From the Desk of Ed Hume: Dormant Spraying in the Winter

January 17, 2011 at 1:10 AM Leave a comment

Why would anyone spray his or her garden during the winter?  Good question!  The answer is to help control over wintering insect and disease problems on fruit, flowering, and shade trees.  So if you have experienced problems with either insects or diseases this past season, winter spraying could help control such problems in the upcoming gardening season.

But don’t just use any old spray.  Use a special dormant spray.   Often dormant sprays are a combination of liquid lime-sulfur and agricultural oil.  Plus, there are other natural dormant sprays.  If this seems confusing to you, the Certified Professional Horticulturist or Master Gardener at your local nursery or garden center can help you select the right spray for your needs.

It is often recommended that dormant sprays be applied two or three times during the late fall and winter.  Usually the first application is done in November, the second around the holiday season, and the third in late January to mid-February (depending upon the weather).

If a dormant spray like lime sulfur and oil is used, you must be careful not to get the spray on any painted surfaces as it will stain them.  Newspapers or other materials can simply be tacked up on the exterior of the home or fences to protect the painted surface while spraying.

Another very important reason why you should check with a knowledgeable specialist is that some dormant sprays, like the lime-sulfur-oil type, will burn the foliage of evergreen plants, so they must be covered too.  In any case, be certain to read and follow application directions on the spray you use.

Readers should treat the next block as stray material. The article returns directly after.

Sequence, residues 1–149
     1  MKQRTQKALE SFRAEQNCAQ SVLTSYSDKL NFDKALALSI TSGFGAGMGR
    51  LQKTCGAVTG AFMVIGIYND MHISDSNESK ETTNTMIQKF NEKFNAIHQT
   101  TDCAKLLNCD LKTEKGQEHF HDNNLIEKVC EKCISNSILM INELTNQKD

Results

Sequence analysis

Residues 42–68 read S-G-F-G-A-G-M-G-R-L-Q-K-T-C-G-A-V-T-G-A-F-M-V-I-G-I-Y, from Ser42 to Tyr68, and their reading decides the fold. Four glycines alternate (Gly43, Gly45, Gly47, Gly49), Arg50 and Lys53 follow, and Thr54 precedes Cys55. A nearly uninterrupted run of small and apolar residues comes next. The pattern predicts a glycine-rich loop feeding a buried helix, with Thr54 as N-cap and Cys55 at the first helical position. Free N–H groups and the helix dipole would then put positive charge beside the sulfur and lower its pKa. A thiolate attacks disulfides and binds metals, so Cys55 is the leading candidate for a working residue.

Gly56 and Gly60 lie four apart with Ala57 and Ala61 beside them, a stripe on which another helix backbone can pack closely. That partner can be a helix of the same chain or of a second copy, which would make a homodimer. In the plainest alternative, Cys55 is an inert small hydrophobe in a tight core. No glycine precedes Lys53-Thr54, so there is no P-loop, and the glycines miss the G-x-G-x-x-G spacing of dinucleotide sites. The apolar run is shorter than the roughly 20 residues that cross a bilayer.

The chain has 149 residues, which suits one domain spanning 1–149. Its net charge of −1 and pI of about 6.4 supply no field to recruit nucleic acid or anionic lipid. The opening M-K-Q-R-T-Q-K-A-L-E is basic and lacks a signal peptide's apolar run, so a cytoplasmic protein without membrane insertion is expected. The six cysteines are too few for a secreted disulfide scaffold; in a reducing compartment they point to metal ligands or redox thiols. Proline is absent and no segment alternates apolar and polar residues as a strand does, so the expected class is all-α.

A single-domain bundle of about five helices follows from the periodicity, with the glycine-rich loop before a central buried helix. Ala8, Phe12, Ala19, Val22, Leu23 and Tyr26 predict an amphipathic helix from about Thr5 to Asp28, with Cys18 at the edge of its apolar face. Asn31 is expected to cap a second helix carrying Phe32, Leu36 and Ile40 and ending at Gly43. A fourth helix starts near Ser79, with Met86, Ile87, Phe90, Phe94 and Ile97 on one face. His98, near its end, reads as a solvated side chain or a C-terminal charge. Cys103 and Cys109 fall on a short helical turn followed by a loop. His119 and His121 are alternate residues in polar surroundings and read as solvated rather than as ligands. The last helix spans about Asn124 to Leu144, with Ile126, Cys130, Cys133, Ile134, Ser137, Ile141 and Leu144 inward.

Do not spray when temperatures are below freezing.  Likewise, avoid spraying when the wind is blowing.  And if possible, spray at a time when there is no chance of rain for about 24 hours.

If this is too complicated, too much work, you don’t have the right equipment, or if you are concerned about using the right sprays and doing the job properly, what can you do?  I would suggest you consider contacting a professional spray firm.  You will find them in the yellow pages or on the web.  They will interview you, ask about children and pets, and determine which type of natural dormant spray they can use to solve your insect and disease problems while at the same time determine which one will be safest for you, your family, pets, all your other plants, and the environment.


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Clip of the Week: Winter-flowering Plants Ed’s Podcasts: Winter-flowering Plants

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